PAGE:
Don't listen to ignorant voices that feed off faked studies and poorly designed experimental procedures that give too much credence to unreliable anecdotal "evidence."
Get your flu shot this year.
If you don't care about your own discomfort, think about those around you.
Influenza - even the ordinary, run-of-themill, low-grade kind that runs through most years - is not an insignificant annoyance for some people.
"Some people think that influenza is a mild illness, but it can be a very serious illness in some people," said Dr. Susan Bowles of Immunize Canada. "While most people recover within a week or two, people over 65 years of age and children or adults with underlying chronic conditions can have more serious complications, like pneumonia."
In fact, the flu is not always discerning of its victims. One of the most serious "plagues" in modern times, the Spanish flu outbreak of 1919, claimed millions of victims around the world. Ironically, an inordinate number of the victims of that pandemic were otherwise healthy young adults.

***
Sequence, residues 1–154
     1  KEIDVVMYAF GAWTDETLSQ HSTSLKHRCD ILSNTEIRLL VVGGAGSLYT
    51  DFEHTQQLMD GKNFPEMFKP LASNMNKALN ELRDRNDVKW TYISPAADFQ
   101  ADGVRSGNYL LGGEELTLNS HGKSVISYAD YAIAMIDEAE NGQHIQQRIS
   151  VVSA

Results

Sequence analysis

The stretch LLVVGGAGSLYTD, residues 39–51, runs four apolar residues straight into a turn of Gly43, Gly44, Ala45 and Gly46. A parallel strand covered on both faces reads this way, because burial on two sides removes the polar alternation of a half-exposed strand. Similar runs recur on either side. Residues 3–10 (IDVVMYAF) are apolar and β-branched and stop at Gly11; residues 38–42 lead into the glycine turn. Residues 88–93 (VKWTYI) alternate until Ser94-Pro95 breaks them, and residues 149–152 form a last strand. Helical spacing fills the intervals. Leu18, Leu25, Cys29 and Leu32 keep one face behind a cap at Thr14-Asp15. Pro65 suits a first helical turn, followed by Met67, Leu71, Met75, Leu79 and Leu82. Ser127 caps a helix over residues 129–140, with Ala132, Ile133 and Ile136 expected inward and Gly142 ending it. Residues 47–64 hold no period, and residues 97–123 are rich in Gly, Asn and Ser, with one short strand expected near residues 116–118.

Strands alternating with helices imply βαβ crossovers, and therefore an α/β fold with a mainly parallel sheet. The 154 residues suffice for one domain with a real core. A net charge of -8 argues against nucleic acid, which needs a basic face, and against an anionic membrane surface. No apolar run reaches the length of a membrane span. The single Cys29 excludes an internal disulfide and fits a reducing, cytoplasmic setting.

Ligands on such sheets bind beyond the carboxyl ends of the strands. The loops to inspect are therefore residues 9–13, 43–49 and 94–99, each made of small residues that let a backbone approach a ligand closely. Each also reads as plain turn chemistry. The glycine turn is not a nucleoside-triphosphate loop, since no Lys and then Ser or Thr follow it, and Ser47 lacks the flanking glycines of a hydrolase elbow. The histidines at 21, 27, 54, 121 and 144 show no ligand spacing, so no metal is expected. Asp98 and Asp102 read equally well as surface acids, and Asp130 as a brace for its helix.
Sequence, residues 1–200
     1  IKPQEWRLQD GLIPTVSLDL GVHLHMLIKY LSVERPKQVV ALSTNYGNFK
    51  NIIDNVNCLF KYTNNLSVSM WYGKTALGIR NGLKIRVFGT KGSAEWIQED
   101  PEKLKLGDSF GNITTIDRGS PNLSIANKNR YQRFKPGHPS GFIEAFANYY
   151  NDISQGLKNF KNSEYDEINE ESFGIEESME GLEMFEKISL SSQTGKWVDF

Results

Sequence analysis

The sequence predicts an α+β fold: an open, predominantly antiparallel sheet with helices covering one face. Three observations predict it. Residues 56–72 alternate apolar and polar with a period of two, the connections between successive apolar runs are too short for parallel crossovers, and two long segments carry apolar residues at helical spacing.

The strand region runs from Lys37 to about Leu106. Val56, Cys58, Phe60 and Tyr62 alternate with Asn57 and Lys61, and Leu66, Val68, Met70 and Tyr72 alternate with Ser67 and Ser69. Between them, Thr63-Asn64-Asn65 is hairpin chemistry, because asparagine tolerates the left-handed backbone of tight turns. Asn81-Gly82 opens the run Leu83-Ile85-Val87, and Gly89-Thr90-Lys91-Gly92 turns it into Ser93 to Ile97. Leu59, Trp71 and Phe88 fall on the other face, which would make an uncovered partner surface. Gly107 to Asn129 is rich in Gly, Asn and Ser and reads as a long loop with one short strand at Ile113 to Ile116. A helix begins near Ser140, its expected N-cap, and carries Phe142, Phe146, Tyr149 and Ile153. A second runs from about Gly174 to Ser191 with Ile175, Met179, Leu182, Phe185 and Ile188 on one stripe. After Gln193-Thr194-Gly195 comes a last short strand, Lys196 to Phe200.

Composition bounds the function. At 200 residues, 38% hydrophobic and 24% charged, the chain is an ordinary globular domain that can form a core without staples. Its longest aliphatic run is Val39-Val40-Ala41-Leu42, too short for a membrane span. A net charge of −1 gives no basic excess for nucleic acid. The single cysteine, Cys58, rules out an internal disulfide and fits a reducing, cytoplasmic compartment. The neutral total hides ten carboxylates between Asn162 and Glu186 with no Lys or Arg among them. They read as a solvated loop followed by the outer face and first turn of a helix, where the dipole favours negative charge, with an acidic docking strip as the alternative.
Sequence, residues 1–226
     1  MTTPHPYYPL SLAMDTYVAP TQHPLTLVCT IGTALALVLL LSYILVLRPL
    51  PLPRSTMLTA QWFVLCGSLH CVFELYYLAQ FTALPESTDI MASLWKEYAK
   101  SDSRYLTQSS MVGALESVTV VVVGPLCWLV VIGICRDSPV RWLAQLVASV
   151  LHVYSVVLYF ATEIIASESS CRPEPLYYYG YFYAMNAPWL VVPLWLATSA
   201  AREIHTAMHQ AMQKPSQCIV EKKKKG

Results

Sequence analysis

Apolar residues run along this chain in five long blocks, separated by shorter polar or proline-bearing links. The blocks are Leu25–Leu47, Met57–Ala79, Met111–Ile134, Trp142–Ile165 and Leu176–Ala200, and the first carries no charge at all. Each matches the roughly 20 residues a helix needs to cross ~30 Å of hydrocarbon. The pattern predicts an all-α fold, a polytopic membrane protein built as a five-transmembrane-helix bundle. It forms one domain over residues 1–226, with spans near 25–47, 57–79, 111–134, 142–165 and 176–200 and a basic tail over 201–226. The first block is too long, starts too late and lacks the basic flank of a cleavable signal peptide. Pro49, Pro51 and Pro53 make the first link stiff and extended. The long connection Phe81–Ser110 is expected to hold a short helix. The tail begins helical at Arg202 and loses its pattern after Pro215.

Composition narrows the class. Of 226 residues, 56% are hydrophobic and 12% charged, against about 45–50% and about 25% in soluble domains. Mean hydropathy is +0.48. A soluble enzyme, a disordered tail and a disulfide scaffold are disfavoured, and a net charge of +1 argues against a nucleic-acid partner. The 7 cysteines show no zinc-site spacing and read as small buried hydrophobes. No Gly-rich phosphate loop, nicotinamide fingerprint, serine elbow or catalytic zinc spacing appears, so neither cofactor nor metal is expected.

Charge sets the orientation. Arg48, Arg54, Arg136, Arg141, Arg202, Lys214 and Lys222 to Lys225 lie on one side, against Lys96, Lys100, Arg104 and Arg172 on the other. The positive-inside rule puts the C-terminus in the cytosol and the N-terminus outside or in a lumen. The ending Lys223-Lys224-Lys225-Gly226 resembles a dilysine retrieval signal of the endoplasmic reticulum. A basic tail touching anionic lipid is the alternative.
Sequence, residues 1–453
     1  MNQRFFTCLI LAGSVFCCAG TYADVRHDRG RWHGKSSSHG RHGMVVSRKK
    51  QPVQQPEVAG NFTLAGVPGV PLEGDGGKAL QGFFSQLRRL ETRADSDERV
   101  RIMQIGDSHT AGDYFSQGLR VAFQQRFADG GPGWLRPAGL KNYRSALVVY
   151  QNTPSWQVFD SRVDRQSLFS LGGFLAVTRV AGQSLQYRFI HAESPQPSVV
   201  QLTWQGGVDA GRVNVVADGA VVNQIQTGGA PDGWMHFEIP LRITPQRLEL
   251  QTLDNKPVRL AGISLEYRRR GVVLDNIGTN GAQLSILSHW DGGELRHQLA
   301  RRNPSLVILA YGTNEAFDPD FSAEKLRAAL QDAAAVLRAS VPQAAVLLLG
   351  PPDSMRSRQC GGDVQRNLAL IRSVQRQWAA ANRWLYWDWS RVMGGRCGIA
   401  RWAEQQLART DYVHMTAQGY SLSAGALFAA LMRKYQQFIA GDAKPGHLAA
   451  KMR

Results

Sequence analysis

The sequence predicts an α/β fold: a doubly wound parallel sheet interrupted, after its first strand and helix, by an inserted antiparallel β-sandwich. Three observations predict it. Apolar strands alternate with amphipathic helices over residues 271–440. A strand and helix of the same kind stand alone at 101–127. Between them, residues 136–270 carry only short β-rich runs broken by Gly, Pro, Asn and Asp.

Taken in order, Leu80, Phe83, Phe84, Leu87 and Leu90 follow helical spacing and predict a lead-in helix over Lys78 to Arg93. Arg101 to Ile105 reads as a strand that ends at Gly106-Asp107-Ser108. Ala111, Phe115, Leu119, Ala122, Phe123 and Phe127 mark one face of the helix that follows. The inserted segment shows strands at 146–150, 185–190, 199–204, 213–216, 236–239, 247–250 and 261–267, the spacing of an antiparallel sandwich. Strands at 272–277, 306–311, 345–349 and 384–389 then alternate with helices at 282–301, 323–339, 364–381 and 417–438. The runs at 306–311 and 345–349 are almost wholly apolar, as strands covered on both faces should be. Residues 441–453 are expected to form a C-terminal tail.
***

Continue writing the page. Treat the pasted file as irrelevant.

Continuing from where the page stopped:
While it doesn't always attack in devastating proportions, influenza most certainly is always devastating for the families who lose loved ones to it. Indeed, every year, flu-related complications claim at least a few lives.
The best protection against catching - and spreading - the influenza virus is not to allow it to get a foothold in the first place.
The precautions are simple: get proper rest, wash your hands frequently, and get your flu shot.
Immunize Canada notes that studies repeatedly demonstrate that influenza immunization reduces the number of hospitalizations and visits to health care providers, and is effective in preventing influenza-associated deaths.
Immunization is especially important for those with age-or infirmity-related flu risks - and for those who come into contact with those at risk.
Ignorance is not an excuse for spreading a potentially fatal disease.